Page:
It’s not unusual for a contractor to seek damages when an owner’s actions delay completion of a project. The contractor may pursue a variety of increased costs flowing from the delay, such as increased bond or insurance premi­ums, extra supervision costs, additional equipment or utility costs, and higher home office overhead.

In some cases, however, an owner’s actions may disrupt a construction company’s work. Although work continues and the project might even be completed on time, the contractor still suffers financial losses.

In those cases, the construction business may be able to recover damages for additional costs incurred because of the disruption. But proving the amount of such disruption damages entails clearing a higher bar than that for delay damages.

Measured mile method

Generally, disruption damages are caused by lost efficiency — that is, a reduction in the expected productivity of labor and equipment. For exam­ple, scheduling errors or delays in shipments of materials might require a contractor to perform work out of sequence, reducing its efficiency.

There are several methods of calculating disruption damages, but most courts prefer the “measured mile” method. Under this method, the contractor’s cost of work during the period of disruption is compared to the cost of the same work during an unaffected period.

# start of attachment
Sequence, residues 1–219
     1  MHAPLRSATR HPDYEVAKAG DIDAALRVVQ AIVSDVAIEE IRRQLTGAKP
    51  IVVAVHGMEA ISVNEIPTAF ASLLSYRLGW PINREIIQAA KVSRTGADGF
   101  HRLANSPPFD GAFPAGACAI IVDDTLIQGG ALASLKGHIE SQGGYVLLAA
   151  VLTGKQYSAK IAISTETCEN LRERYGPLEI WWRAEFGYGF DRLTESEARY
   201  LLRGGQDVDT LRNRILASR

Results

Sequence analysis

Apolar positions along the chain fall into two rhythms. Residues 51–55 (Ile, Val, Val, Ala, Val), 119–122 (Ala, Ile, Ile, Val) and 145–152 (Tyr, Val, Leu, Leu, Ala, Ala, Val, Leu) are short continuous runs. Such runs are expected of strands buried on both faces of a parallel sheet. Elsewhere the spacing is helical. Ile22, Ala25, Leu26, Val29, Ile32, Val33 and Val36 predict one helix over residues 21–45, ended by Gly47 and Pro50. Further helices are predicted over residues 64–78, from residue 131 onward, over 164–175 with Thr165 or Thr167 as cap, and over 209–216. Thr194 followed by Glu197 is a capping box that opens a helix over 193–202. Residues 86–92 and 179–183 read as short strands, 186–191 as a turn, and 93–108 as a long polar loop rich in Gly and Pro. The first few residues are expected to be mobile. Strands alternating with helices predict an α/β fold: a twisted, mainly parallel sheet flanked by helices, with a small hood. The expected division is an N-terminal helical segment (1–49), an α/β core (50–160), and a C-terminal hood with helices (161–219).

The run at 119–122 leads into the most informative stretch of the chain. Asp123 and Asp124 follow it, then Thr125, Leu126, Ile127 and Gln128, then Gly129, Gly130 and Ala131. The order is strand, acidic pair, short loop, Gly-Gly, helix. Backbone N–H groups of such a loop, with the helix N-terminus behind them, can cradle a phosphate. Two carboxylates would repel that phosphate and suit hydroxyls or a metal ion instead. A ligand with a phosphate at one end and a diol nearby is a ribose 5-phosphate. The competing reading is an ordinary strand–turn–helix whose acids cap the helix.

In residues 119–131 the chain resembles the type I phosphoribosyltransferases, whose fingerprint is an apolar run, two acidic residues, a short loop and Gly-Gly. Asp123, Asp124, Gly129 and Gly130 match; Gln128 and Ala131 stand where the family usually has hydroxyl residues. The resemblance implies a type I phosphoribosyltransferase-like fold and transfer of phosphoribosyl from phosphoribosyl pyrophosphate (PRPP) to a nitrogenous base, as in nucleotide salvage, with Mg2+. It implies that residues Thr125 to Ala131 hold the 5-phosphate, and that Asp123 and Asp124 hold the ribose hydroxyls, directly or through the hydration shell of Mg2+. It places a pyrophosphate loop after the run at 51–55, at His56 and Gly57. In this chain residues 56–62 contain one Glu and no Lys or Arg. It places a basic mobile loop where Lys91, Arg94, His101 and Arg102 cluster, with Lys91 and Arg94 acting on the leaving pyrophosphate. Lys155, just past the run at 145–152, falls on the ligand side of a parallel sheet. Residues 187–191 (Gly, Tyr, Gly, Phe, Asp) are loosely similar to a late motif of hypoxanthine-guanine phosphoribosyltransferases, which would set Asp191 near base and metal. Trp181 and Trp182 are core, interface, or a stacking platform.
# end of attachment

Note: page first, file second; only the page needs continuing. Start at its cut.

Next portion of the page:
The measured mile method is generally considered more accurate because it compares the same work by the same contractor on the same project. Other methods involve comparing the current project to a comparable, recently completed job or comparing actual expenditures to expected costs.

Contract clause

The distinction between disruption and delay damages is particularly important when the contract contains a “no damages for delay” clause. This clause protects the owner from liability for delays, though there may be exceptions for bad faith or “active interference.”

Because of the potentially detrimental impact of “no damages for delay” clauses on the contractor, courts typically interpret them narrowly.

These clauses usually don’t prevent claims for disruption damages unless the contract contains specific language to that effect.

Worth the effort

If you believe that an owner’s actions are affecting your productivity on a project, you’ll need to be extra diligent about keeping a daily log of events with notes on incidents that affect your company’s efficiency. Also, document communications with the owner and other pertinent parties, and ensure you’re accurately recording project costs.

Contractors shouldn’t overlook potential claims for disruption damages when an owner’s actions have affected their productivity — even if completion of the project isn’t delayed. Although it’s rarely easy to prove such damages, the dollars recouped may be well worth the effort.